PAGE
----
PHILADELPHIA – Previous costimulation with abatacept for 24 months was associated with a continued slowing of the decline in beta-cell function 1 year after discontinuation in patients with recent-onset type 1 diabetes.
The findings suggest that abatacept might be useful in prevention studies in individuals at high risk of type 1 diabetes, or as one component in studies that use a combination of different strategies, said Dr. Tihamer Orban, principal investigator in the Type 1 Diabetes TrialNet, through which the study was conducted.
Abatacept, marketed by Bristol-Myers Squibb as Orencia, is a costimulation modulator that was approved to treat rheumatoid arthritis and juvenile idiopathic arthritis. The biologic blocks the process of T-lymphocyte activation that drives the autoimmune destruction of beta-cells leading to type 1 diabetes, according to Dr. Orban.
The current data constitute a follow-up to a randomized, double-masked trial that included 112 patients, aged 6-36 years (mean, 14 years), who had been diagnosed with type 1 diabetes within the previous 100 days. The administration of 27 intravenous infusions of abatacept over 2 years in 77 patients was associated with a 59% higher adjusted C-peptide AUC (area under the curve), compared with the 35 patients who received placebo infusions. The difference (0.378 nmol/L with abatacept vs. 0.238 nmol/L with placebo) was significant. Hemoglobin A1c was also significantly lower in the abatacept patients, with no difference in insulin use (Lancet 2011;378:412-9).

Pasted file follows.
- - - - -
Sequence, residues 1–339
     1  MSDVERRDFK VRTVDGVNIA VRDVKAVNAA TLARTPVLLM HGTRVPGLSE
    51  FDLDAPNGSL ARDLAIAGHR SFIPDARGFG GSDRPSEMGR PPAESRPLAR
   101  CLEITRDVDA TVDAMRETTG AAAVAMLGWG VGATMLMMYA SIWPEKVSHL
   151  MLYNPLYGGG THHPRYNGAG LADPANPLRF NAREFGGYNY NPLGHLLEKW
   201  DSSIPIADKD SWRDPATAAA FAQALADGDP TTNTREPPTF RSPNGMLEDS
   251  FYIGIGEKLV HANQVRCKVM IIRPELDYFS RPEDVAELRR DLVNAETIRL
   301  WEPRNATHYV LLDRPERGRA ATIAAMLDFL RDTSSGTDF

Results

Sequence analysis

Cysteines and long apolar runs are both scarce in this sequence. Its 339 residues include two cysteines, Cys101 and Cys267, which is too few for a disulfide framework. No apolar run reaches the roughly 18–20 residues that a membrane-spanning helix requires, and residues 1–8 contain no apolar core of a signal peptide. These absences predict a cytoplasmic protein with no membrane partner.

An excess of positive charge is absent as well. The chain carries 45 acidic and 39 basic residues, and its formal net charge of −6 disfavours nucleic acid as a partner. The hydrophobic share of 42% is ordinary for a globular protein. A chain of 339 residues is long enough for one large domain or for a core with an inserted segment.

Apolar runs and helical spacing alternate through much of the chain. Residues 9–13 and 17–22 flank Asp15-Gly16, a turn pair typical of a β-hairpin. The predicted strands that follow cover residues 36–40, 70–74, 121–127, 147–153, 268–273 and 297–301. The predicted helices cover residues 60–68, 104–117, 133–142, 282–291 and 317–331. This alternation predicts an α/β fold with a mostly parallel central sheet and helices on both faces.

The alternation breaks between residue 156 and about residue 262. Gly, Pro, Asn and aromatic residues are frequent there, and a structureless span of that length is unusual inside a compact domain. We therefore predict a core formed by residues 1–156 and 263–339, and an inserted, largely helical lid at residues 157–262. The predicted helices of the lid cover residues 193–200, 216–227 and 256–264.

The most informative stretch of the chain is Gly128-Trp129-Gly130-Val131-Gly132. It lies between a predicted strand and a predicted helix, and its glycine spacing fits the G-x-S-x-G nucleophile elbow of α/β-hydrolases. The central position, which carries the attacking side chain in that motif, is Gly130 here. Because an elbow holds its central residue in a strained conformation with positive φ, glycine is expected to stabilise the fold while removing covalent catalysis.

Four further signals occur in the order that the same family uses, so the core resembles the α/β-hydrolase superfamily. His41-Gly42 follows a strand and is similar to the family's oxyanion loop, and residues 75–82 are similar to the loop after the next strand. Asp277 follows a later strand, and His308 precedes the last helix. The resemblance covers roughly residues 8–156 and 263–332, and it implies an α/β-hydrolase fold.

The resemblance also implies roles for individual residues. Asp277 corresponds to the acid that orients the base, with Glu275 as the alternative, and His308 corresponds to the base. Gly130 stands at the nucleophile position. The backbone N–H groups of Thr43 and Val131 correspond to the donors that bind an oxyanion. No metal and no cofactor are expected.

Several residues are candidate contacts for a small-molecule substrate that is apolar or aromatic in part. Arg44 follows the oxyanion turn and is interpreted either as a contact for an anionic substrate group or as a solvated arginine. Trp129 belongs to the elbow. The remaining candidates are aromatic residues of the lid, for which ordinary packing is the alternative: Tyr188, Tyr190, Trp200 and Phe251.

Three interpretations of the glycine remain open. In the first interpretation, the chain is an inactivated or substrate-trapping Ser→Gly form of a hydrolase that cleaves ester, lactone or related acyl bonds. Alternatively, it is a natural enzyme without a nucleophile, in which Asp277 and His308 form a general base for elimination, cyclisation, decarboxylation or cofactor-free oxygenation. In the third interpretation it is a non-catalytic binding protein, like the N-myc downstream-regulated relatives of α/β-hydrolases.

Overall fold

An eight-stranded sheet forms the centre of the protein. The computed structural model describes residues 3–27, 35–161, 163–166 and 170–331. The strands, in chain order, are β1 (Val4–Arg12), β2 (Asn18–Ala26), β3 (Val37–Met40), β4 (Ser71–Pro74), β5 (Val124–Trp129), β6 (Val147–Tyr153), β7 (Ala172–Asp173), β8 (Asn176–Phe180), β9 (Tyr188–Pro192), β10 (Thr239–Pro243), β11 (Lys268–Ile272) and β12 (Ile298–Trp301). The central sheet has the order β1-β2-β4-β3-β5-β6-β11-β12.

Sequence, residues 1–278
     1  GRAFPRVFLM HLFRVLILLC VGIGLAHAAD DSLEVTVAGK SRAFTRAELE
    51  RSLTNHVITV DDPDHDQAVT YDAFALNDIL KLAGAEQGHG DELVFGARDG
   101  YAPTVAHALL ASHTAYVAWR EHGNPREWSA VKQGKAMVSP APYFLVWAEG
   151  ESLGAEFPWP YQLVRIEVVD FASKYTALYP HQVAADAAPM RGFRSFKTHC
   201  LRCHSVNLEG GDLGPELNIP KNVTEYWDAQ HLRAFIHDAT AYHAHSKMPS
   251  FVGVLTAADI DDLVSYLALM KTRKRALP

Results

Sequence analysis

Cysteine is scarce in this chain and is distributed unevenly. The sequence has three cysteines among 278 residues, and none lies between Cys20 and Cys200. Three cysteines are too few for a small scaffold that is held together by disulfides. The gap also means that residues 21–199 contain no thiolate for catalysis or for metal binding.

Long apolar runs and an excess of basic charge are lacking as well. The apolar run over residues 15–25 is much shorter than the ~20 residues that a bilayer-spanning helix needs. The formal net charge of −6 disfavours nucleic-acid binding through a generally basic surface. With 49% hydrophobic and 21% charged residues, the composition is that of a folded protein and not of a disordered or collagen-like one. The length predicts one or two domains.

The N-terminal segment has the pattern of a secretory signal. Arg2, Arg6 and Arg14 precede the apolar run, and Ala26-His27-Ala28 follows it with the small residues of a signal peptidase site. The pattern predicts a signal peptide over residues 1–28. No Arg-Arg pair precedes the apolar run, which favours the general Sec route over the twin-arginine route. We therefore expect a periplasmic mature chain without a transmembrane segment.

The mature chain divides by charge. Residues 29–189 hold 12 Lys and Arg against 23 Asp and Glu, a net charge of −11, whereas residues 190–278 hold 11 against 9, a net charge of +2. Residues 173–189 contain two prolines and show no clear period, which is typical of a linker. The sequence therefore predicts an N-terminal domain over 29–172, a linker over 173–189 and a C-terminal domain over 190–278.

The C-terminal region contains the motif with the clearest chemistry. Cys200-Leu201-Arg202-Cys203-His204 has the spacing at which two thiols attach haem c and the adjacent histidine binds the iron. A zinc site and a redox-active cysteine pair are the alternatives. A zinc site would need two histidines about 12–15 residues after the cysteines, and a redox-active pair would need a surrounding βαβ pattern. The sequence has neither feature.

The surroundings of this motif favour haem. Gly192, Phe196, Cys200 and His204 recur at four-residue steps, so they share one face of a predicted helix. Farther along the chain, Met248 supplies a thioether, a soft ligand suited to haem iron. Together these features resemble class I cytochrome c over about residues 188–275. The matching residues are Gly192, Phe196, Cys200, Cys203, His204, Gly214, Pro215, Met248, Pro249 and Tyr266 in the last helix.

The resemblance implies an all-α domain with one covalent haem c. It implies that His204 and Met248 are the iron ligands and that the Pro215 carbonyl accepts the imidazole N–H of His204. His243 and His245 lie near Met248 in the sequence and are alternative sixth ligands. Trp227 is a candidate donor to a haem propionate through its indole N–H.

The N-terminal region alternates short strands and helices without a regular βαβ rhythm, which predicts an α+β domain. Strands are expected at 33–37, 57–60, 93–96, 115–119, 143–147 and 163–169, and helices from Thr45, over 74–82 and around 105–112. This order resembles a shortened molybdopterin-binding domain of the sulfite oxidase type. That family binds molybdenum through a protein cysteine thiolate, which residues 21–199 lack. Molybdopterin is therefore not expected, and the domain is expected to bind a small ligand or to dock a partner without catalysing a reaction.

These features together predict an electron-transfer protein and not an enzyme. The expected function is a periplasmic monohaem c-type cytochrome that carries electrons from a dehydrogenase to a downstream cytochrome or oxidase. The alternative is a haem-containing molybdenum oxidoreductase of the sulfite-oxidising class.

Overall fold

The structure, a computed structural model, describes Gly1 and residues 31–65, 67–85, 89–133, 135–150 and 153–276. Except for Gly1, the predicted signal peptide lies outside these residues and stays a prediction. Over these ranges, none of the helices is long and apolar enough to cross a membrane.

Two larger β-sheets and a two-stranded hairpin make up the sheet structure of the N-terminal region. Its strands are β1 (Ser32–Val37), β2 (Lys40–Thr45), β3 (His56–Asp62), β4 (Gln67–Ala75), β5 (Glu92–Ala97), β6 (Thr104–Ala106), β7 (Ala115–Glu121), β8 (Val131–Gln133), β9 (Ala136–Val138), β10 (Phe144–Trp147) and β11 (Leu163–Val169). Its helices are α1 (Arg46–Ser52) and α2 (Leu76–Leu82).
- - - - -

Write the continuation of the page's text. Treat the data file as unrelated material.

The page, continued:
However, despite continued administration of abatacept over 24 months, the decrease in beta-cell function with abatacept was parallel to that with placebo after 6 months of treatment, causing the investigators to speculate that T-cell activation lessens with time.
The study remained double-blinded at 36 months. At that point, the mean adjusted 2-hour C-peptide AUC was 0.215 nmol/L for the 64 abatacept patients in whom it was measured, compared with 0.135 nmol/L for the 29 remaining placebo patients. The difference was still significant, said Dr. Orban, who is also an investigator in the section on immunobiology at the Joslin Diabetes Center and an instructor in medicine at Harvard Medical School, both in Boston.
Still, the major effect appeared to be within the first year of the treatment phase, and the two groups remained relatively parallel thereafter. This suggests that the drug may only be actively blocking T-cell activation around the time of diagnosis, he noted.
HbA1c was significantly lower in the abatacept-treated patients, with no difference in insulin use. In all, abatacept treatment resulted in an average 9.5 months’ delay of loss in beta-cell function, compared with placebo, Dr. Orban said.
"It seems that we may not need a full 2 years of treatment to achieve this effect. It’s very logical to try a shorter course of the drug and see if a similar effect can be achieved," Dr. Orban commented.
This study was sponsored by the Type 1 Diabetes TrialNet Study Group, a clinical trials network funded by the National Institutes of Health. Dr. Orban is founder and CEO of Orban Biotech LLC.